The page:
What’s Yale Doing in Singapore?

Yale’s brand-new college
in Singapore, a joint venture with the National University of Singapore (NUS),
is “the first new college to bear Yale’s name in 300 years–and the first
attempt to start a liberal-arts school in one of Asia’s leading financial
centers,” the Wall Street Journal reports. But here’s one key way in which
Yale Singapore won’t resemble Yale New Haven: Students won’t be allowed to
engage in political protests or form partisan political societies.

Other than that, insists
Pericles Lewis, president of the Yale-NUS joint venture that’s scheduled to
open for classes in August 2013, students “are going to be totally free to
express their views.” In other words, they’ll be free to express their
views as long as those views don’t have real-world consequences. There won’t be
any equivalent to College Republicans or College Democrats at Yale-NUS–much less,
say, an Occupy protest.

The city-state of
Singapore is famous for its burgeoning prosperity, sparkling cleanliness, high
rates of literacy and educational attainment, and nearly nonexistent crime. In
return, Singaporeans seem willing to put up with an authoritarian government
that enforces restrictions on free speech and assembly, laws that criminalize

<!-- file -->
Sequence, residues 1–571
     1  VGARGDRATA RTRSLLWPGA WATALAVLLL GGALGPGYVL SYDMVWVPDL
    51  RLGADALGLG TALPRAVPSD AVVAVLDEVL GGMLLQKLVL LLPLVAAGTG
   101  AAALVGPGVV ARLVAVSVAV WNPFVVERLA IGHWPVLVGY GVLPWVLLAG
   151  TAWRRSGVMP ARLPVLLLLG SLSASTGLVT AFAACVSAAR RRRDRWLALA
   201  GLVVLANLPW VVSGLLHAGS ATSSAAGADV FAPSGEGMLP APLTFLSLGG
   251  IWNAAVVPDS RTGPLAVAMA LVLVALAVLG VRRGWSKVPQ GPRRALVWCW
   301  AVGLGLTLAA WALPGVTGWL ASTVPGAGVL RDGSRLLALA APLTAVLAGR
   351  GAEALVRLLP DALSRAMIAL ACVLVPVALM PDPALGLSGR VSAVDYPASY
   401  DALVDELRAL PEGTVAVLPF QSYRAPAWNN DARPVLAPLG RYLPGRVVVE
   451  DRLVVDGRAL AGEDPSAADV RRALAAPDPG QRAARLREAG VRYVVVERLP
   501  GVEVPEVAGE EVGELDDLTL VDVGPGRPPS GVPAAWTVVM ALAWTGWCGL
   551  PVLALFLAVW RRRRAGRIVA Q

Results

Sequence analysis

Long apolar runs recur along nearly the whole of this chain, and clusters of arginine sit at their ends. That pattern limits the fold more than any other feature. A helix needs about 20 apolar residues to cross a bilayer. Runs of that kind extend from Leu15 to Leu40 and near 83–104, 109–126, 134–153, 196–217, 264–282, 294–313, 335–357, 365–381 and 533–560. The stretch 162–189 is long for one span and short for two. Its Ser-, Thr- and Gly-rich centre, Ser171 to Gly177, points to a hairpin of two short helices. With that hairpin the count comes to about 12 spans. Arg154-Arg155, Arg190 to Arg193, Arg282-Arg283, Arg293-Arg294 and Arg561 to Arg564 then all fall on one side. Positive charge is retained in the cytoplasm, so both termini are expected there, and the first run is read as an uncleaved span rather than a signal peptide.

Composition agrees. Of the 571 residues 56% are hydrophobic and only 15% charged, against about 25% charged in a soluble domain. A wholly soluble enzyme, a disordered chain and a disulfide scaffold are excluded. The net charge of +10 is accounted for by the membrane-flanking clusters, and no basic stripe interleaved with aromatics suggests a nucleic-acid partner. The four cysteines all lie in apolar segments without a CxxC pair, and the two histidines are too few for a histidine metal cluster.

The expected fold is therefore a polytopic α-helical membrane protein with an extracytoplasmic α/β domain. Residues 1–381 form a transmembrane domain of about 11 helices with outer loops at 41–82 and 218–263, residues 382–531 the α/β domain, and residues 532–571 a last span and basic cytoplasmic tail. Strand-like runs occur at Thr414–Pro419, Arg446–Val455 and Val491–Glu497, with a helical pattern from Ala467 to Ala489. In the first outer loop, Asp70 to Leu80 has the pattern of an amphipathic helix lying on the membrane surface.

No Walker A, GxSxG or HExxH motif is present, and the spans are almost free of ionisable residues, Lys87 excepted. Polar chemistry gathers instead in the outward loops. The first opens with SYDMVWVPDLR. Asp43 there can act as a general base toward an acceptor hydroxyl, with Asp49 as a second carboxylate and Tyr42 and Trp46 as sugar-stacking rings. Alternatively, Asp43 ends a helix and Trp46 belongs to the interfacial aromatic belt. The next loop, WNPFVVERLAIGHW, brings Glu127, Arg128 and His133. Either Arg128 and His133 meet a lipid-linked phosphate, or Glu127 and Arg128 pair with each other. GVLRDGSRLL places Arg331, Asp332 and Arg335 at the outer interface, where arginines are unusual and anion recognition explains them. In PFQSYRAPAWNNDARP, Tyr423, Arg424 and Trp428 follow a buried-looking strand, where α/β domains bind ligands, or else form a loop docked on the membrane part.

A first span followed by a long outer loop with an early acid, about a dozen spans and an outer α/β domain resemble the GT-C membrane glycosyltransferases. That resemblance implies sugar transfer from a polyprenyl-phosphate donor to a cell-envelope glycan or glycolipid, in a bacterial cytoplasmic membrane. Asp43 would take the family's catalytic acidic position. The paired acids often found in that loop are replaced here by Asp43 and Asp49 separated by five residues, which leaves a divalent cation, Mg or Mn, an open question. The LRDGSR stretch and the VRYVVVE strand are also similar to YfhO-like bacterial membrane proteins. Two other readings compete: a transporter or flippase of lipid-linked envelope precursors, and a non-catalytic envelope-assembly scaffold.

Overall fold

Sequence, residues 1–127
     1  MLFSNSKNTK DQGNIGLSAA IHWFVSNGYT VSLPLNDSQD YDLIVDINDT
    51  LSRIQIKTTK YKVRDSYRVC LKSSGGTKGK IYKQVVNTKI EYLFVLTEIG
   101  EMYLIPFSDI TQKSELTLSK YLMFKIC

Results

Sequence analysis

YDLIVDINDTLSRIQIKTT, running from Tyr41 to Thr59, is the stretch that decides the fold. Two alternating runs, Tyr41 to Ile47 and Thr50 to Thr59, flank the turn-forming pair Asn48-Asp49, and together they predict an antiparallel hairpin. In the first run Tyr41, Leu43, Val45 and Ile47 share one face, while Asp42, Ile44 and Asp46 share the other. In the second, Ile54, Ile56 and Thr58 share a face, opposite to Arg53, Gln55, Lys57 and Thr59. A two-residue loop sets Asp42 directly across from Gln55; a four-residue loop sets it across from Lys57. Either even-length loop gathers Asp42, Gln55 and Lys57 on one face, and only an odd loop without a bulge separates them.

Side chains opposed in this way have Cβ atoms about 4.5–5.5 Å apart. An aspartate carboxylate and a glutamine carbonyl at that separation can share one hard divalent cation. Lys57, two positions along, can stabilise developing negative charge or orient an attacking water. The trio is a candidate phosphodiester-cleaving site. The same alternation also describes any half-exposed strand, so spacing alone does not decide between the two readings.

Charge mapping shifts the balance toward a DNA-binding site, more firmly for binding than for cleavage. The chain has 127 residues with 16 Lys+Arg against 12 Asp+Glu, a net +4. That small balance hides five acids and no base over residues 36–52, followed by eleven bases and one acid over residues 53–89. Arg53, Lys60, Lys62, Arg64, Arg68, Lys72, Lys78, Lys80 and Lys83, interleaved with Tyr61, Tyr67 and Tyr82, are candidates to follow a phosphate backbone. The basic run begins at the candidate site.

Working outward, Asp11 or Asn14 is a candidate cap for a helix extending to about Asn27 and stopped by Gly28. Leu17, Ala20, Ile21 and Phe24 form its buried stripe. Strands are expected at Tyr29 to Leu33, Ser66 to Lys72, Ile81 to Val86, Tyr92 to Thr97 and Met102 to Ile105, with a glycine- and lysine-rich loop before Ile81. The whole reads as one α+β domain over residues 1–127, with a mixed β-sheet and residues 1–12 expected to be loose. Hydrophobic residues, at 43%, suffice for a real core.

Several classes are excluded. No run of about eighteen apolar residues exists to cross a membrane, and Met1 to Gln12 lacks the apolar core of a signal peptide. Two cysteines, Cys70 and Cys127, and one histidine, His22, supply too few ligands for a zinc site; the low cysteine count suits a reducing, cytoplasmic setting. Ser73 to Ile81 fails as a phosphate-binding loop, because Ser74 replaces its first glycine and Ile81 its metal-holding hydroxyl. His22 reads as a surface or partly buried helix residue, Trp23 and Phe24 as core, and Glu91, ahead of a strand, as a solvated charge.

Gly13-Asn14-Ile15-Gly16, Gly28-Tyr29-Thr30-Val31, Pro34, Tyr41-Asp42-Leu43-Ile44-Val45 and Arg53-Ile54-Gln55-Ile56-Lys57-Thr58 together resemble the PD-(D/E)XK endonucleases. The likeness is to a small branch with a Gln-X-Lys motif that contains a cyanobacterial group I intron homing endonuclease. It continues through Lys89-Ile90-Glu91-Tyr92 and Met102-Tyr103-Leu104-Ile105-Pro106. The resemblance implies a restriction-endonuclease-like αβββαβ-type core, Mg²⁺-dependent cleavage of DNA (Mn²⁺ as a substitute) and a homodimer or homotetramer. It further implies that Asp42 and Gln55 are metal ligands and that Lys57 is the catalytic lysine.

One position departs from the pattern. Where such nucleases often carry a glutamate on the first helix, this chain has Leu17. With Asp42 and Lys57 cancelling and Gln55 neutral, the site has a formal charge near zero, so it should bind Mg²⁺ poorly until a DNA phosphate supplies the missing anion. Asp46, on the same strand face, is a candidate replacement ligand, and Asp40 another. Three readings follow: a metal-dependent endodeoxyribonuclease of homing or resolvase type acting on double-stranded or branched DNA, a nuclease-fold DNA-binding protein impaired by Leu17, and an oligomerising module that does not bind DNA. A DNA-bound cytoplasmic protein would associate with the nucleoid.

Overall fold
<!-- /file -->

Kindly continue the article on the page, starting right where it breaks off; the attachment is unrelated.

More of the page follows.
homosexual conduct, and severe penalties for those who run afoul of its
criminal-justice system. Back in New Haven, however, Yale professors aren’t
happy about the tradeoff that their university is making: In April Yale’s
faculty passed a resolution indicating “concern” over Singapore’s
“history of lack of respect for civil and political rights.”

It can be argued that Singapore and the West represent two
different kinds of societies with different notions of the relationship between
the social order and individual freedom, and that a Yale operation in Singapore
ought to do what the Singaporeans do. Still, you have to ask: What exactly is
Yale getting out of this partnership with NUS? Yale-NUS College will be
entirely funded by the government of Singapore. Eric Weinberger, a sometime
instructor at Yale, argued in the Atlantic last fall that Yale’s main
motivation was to keep up in a prestige race for a “global presence”
with other U.S. universities that have embarked on academic joint ventures with
foreign governments, such as New York University with its campus in Abu Dhabi.
Maybe so–but you have to wonder about how Yale will fare in the devil’s bargain
it has made with a government whose values most people connected with Yale
don’t share.

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Charlotte Allen

Charlotte Allen blogs for the Los Angeles Times and writes frequently about cultural trends for the Weekly Standard.

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